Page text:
When Caryn Jarocki played in high school in the Chicago area in the late 1970s, less than a decade after the passage of Title IX, she couldn’t help but notice the wide disparity between how girls basketball players were treated compared to the boys.
“With the girls at the start (of Title IX), it was like, ‘You can have the small gym, you can have the late practice, your locker room is that small P.E. room over there,’” Jarocki recalled. “Or you didn’t have (a locker room) at all… At my high school, the guys had a giant fieldhouse, with a really nice weight room and a track. The girls got this little gym on the other side of the school.”
That scene stands in stark contrast to where girls basketball is now, Jarocki said, thanks to the long-term impact of Title IX.
The Highlands Ranch coach, who is 698-183 with seven state championships and 18 Final Four appearances over 37 seasons with the Falcons and Colorado Academy, has been a leader in helping grow the game in numbers, popularity and opportunity.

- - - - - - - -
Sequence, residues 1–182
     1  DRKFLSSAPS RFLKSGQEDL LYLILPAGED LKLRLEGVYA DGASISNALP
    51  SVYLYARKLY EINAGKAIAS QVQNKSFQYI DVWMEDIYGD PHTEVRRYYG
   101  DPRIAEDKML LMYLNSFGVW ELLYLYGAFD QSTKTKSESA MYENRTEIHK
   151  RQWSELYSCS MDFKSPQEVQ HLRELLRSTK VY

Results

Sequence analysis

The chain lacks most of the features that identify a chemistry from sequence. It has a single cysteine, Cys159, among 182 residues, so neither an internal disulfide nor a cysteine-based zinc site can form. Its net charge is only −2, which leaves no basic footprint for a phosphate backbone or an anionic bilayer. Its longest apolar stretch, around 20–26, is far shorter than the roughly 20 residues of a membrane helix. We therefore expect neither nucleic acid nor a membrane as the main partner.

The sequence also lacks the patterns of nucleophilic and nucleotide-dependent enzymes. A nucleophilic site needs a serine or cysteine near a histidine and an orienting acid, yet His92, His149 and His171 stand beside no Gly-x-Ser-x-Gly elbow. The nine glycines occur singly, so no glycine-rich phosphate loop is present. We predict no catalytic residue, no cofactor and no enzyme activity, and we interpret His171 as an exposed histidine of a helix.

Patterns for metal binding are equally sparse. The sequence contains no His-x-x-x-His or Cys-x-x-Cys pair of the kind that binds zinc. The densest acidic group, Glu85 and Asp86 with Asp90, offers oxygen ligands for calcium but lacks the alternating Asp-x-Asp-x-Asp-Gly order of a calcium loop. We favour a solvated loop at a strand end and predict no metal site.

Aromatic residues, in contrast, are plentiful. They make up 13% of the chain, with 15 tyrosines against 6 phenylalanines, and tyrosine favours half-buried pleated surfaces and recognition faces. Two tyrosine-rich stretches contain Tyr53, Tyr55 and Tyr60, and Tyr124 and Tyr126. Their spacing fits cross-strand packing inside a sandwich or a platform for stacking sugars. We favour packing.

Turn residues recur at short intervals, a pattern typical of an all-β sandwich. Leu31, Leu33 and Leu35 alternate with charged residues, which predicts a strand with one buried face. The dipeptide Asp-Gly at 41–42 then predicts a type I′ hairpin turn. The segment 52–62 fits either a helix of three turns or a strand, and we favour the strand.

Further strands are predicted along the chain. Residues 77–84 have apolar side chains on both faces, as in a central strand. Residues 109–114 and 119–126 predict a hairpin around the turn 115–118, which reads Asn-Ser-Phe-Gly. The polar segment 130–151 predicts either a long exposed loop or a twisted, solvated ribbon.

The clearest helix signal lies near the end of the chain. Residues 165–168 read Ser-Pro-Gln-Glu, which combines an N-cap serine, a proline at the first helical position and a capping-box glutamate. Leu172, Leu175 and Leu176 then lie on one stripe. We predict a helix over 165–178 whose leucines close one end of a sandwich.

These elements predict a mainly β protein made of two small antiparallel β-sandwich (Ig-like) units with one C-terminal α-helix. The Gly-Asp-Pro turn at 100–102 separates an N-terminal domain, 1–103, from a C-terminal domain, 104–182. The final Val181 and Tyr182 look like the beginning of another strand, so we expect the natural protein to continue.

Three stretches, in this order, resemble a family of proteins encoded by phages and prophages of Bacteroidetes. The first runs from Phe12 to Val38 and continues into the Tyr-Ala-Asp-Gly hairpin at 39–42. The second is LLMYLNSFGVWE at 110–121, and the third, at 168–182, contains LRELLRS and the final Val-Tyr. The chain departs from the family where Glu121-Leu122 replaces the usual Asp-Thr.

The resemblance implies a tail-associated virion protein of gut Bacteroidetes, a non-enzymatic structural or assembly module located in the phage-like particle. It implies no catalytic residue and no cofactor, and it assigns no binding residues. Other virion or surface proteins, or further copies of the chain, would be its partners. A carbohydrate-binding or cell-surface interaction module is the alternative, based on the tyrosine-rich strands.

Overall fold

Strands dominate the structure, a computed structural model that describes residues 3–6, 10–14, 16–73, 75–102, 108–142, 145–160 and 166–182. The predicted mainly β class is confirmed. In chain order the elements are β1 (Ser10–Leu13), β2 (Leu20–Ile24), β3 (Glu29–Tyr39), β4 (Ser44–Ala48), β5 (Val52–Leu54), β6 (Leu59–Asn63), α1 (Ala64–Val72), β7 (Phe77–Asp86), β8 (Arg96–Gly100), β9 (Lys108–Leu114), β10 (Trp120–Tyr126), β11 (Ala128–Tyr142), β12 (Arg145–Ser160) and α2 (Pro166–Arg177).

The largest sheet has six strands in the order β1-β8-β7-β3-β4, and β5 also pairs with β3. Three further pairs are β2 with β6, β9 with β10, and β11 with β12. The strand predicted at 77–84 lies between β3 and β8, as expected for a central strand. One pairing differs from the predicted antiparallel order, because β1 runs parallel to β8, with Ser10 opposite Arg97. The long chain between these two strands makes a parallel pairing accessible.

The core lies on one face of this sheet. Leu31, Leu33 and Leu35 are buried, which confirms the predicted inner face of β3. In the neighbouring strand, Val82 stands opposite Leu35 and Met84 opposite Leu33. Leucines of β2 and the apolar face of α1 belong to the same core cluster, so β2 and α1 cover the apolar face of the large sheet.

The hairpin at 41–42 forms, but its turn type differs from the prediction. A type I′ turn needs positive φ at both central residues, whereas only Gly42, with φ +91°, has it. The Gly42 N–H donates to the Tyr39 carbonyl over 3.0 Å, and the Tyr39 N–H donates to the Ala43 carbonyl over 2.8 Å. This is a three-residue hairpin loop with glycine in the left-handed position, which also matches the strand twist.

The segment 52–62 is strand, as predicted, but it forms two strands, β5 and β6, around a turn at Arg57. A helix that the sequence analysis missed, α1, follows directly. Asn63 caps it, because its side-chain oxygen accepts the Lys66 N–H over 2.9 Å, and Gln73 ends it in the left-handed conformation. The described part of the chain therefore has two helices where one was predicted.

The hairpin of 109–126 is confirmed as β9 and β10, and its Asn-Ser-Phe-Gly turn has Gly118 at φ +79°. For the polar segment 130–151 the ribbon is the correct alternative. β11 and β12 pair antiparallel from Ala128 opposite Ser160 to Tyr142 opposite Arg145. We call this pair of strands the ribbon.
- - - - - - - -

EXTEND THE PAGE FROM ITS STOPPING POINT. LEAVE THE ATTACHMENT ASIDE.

“I feel like now, the kids don’t have any idea what it used to be like before Title IX and in the early years of Title IX,” Jarocki said.
“… The most rewarding change to me is that girls can actually go to college to play and get a free education playing sports. That has evolved significantly, but as we saw from the NCAA basketball tournaments two years ago — when players were highlighting the weight room and amenities and meals for the girls versus the guys — there’s still some inequities that exist. But it’s still way better than it was.”
Jarocki also believes that had Title IX not passed when it did — in June 1972, four years before she started high school — she wouldn’t have become a basketball lifer.
After starring as a guard at East Leyden High School (Franklin Park, Ill.), Jarocki went on to play at the University of Denver, where a torn ACL her senior year led her into her first coaching job at Colorado Academy in 1982.
“If I wouldn’t have had the opportunity to play myself, I wouldn’t have loved the sport as much as I do, and I don’t think I would’ve gone into coaching,” Jarocki said. “I never thought that I would (have this impact). I hope my legacy is that I helped kids get to the next level to play in college or to enjoy the sport while playing in high school.”
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